Read the epitaph: Short for Unique Selling Proposition, the USP highlights a single benefit that is so unique to a product that people are persuaded to buy it. This seminal advertising philosophy was developed by Rosser Reeves, co-founder of the Bates advertising network and its former chairman, and expounded in his 1961 book, Reality in Advertising.
Mr. Reeves once said of his agency: “What this agency has done which is different to any other agency is apply reason to advertising.” The lines coined by Bates and based on a USP include Melts In Your Mouth Not In Your Hands for Mars M&Ms, and It Writes First Time, Every Time for Bic pens. In his hypothesis that a concept should contain a unique idea, the USP offered one of the most robust theories for producing effective advertising. But not any more.
Because the USP is dead.
And so are most of the products it served. According to Reeves, a USP must have three qualities: it must have a benefit that is unique to the product; it must relate directly to the customer; and it must make a clear proposition to the customer. So far, so good. But somewhere in the late 70’s and early 80’s, a transformation took place. Copywriters were struggling to find the ‘U’ in USPs.
What had traditionally been described as a unique selling benefit was giving way to a more abstract set of values. This is not to say that older brands were re-working their positioning; rather, a new generation of products appeared more and more handicapped for distinction. Not because they had nothing to offer, but because their promise was either too weak or not unique enough to stand out.
Which is why creatives looked to develop propositions based on a completely different set of criteria: The Brand Personality. This shift altered both the application and the perception of advertising. From the conservative to the fashionable, from the literal to the lateral, from the tried-and-tested to the experimental, advertising was making a difference unlike before.
So much so that much of latter-day cigarette advertising was called ‘beyond-reason’ advertising (bye-bye, Mr. Reeves). Which goes to show how Coke’s indisputable positioning, The Real Thing, migrated to Always and now to Open Happiness. Or how Mercedes’ Engineered Like No Other Car In The World shifted gear to Engineered To Move The Human Spirit only to accelerate to The Future of the Automobile until it recently parked itself with The Best Or Nothing in order to exemplify “perfection, fascination and responsibility” as core values for its brand of luxury. There are countless examples.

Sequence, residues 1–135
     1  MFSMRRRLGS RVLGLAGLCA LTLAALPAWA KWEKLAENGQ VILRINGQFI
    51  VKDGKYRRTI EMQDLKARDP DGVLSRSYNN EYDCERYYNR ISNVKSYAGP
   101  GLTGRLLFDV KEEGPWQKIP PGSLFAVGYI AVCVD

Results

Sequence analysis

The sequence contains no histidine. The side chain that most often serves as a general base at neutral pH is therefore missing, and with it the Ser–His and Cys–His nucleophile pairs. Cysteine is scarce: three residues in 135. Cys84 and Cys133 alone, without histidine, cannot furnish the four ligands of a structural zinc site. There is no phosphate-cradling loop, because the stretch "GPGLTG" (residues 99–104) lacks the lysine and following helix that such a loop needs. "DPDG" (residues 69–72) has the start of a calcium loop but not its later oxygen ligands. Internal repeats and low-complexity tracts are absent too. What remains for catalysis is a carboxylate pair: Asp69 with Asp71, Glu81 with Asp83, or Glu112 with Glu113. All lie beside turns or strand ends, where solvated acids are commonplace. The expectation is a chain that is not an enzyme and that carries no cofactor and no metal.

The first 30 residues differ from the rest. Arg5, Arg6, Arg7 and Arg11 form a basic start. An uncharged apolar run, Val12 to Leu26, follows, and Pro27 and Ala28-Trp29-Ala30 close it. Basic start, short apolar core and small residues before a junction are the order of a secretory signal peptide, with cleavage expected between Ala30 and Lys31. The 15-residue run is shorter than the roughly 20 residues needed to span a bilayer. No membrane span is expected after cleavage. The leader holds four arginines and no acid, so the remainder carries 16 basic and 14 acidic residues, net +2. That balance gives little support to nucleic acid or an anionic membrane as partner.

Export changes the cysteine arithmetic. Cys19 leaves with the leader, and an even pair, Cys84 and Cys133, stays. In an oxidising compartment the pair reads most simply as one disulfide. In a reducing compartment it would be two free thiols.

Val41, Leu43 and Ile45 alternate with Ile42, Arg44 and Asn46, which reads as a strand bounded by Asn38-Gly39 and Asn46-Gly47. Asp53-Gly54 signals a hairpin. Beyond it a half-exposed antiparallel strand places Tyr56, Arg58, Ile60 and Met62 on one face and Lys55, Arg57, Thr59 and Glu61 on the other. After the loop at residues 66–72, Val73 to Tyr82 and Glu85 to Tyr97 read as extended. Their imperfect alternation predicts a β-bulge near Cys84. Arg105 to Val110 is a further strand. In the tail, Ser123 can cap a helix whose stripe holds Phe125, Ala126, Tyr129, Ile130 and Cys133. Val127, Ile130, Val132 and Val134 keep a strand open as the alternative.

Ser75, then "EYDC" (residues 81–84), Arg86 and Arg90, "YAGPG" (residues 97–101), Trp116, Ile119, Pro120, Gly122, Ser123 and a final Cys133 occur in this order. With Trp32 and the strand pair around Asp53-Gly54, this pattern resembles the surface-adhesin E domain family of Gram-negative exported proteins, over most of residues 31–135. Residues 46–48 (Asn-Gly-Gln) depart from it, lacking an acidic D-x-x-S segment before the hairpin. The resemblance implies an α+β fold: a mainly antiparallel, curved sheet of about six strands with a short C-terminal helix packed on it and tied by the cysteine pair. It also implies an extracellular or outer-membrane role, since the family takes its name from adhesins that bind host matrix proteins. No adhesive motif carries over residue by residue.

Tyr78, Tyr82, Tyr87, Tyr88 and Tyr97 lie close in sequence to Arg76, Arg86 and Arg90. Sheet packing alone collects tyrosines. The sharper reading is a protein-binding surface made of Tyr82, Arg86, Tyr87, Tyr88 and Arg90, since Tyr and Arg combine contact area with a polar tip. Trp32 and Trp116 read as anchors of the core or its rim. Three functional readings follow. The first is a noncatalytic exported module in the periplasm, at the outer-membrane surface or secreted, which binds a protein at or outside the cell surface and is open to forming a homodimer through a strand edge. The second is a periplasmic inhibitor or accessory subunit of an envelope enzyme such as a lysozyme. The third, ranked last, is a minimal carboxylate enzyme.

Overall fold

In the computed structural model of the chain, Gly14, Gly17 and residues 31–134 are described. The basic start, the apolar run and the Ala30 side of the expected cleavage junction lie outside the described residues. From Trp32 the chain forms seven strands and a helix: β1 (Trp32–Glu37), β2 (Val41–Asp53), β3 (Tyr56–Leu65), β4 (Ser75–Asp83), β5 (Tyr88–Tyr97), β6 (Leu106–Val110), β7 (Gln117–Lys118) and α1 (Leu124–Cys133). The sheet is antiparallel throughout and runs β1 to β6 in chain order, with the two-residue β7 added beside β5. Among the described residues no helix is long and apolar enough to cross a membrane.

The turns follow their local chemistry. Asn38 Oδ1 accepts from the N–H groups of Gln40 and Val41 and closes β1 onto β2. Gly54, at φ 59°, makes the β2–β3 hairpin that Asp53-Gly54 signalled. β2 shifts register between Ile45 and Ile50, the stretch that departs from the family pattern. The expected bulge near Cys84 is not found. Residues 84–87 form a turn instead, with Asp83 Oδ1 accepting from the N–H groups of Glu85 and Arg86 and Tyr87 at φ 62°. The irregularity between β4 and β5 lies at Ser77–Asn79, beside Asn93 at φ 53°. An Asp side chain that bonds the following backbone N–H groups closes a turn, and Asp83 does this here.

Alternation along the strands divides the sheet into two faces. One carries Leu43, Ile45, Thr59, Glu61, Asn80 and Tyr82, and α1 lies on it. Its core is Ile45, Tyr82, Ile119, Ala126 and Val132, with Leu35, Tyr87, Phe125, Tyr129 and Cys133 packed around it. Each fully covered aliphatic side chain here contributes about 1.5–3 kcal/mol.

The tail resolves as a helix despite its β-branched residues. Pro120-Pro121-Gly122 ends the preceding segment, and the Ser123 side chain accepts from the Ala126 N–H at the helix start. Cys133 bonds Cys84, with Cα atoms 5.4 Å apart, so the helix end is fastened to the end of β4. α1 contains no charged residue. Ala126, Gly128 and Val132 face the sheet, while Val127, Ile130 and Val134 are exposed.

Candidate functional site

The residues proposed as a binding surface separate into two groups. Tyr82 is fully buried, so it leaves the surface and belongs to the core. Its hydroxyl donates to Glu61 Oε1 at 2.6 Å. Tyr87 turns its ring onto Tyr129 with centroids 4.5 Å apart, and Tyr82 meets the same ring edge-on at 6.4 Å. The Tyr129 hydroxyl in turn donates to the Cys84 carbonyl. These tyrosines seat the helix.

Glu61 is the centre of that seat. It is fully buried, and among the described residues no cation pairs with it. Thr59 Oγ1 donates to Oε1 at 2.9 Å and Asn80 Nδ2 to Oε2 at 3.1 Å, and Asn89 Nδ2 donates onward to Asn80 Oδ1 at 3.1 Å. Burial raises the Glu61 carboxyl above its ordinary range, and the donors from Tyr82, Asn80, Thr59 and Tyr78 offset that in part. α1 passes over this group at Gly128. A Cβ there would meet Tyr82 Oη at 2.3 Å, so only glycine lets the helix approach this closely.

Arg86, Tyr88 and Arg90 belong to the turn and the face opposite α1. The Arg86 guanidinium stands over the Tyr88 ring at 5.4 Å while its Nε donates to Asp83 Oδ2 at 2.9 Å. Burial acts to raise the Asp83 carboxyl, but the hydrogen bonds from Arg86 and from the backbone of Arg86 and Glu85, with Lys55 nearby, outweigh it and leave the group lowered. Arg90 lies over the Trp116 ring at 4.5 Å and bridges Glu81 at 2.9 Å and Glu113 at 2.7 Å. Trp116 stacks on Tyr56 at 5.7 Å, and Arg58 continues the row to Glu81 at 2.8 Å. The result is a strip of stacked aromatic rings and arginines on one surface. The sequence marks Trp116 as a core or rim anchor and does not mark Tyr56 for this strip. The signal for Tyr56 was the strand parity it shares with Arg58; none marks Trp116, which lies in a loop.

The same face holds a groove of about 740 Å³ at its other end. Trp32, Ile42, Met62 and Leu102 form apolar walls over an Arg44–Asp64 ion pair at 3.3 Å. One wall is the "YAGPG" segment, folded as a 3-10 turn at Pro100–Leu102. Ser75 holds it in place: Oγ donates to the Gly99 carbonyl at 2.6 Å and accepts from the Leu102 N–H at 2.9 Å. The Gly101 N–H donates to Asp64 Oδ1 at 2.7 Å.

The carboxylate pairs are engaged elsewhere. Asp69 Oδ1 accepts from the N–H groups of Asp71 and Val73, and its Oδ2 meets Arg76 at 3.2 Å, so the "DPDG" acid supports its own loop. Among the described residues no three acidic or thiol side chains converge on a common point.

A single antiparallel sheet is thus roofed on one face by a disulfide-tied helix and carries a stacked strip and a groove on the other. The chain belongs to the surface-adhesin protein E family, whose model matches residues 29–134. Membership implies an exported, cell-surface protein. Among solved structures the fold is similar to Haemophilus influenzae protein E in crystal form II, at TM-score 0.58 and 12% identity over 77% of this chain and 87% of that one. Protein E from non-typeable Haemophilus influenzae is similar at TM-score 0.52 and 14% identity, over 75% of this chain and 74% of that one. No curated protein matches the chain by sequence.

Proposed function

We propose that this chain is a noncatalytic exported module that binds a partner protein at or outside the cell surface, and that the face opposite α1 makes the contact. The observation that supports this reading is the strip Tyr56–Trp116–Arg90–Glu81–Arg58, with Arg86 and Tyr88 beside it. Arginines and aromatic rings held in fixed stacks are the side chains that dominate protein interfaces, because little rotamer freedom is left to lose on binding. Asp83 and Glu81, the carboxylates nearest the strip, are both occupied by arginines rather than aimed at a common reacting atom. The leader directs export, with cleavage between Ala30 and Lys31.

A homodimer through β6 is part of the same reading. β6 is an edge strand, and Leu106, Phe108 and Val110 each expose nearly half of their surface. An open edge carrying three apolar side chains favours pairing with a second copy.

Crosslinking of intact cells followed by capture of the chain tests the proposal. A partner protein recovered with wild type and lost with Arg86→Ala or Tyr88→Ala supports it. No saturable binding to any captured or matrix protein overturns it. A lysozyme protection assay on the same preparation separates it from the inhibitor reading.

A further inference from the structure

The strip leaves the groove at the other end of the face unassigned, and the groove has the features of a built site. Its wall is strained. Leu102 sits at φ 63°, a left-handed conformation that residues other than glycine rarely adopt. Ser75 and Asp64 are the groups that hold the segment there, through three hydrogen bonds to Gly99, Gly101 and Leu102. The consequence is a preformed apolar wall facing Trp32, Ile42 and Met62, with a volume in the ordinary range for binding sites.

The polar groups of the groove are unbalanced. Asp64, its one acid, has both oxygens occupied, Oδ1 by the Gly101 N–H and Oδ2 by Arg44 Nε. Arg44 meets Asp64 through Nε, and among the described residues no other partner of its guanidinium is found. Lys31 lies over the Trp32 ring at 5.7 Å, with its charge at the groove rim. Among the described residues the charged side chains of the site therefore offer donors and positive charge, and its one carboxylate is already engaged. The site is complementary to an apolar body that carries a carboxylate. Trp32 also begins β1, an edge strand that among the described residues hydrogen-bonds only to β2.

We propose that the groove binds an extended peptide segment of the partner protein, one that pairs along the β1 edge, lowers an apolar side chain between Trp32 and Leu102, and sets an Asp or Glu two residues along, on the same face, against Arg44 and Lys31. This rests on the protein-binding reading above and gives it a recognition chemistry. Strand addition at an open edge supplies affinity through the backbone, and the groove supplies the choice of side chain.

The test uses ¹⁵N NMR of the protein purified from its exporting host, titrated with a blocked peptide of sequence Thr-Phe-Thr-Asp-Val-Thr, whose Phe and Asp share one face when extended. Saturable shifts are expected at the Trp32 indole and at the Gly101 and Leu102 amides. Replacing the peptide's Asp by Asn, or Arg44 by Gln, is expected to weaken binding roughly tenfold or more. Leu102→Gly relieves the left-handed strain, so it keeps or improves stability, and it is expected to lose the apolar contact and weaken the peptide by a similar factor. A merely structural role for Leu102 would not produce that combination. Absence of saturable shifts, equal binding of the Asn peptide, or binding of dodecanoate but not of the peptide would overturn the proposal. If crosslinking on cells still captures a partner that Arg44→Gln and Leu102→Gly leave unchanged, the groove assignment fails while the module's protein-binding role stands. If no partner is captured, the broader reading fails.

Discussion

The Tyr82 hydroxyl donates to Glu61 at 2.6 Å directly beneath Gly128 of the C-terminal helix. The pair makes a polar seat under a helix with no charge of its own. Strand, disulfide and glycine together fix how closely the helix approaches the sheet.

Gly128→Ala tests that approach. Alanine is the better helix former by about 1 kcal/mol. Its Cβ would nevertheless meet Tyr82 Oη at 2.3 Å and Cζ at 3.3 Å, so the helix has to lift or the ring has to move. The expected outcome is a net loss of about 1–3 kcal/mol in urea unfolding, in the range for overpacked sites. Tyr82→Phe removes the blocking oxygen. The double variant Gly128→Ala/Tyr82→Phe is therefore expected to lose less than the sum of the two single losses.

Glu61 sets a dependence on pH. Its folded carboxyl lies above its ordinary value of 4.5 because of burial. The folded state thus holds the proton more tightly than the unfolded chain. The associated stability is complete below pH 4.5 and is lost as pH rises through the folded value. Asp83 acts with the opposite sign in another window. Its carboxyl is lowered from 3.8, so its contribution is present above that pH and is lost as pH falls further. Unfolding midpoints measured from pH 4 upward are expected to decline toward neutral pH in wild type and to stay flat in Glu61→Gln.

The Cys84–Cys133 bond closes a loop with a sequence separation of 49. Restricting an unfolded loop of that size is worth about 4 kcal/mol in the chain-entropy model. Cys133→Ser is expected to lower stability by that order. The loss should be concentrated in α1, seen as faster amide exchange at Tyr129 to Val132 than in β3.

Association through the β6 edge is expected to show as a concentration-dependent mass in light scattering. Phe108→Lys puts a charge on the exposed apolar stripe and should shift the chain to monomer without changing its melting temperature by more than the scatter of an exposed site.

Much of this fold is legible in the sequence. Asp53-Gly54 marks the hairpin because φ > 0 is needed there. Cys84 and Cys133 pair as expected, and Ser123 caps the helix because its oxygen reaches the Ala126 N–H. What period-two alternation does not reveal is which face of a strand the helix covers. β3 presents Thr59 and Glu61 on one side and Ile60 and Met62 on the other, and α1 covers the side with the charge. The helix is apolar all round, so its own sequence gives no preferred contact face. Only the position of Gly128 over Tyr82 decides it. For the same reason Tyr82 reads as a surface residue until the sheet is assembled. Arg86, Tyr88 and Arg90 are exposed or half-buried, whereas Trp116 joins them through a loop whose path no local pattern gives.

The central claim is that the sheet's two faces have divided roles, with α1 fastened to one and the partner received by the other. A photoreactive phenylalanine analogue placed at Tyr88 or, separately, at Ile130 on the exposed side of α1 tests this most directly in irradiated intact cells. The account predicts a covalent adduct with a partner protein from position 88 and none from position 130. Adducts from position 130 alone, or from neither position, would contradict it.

Modern advertising is not always about finding the uniqueness in a product. If you do, great. But more often than not it’s about branding your product with “uniquenesses” that are central to your brand’s personality and promise. Naturally, if this objective is achieved with the application of a traditional USP, then you’ve scored.
So what’s the term of reference we should follow now that the USP is dead? The SMP. Short for Single-minded Proposition, the SMP achieves everything that the USP set out to do — with one exception. The SMP argues that in today’s world, where products are no longer unique, any benefit (that’s right, any benefit) communicated in a single-minded and compelling way does the job.
This does not mean that agencies are restricted to saying one thing. Instead, it opens up multiple avenues to explore and articulate. it means that brands today can communicate several advantages as long as the take-home value of their message is single-minded. (Just think what two words, one bottle and staggering innovation did for Absolut). The SMP is not alone in arguing for this. More and more research today is demonstrating that while quality is the price of entry into the market, it’s originality that’s the price of entry into our hearts and minds. So, increasingly, the strength of a brand lies not itself but more and more in its branding.
That’s more power to the artists and poets in this field. And more votes to creativity as being a vital part of the selling process. Which is great news for agencies who want more sophistication in their advertising and are urging their clients to do the same. No easy task. But, in the mean time, we should really stop attending these USP funerals.
It feels a little dead out there.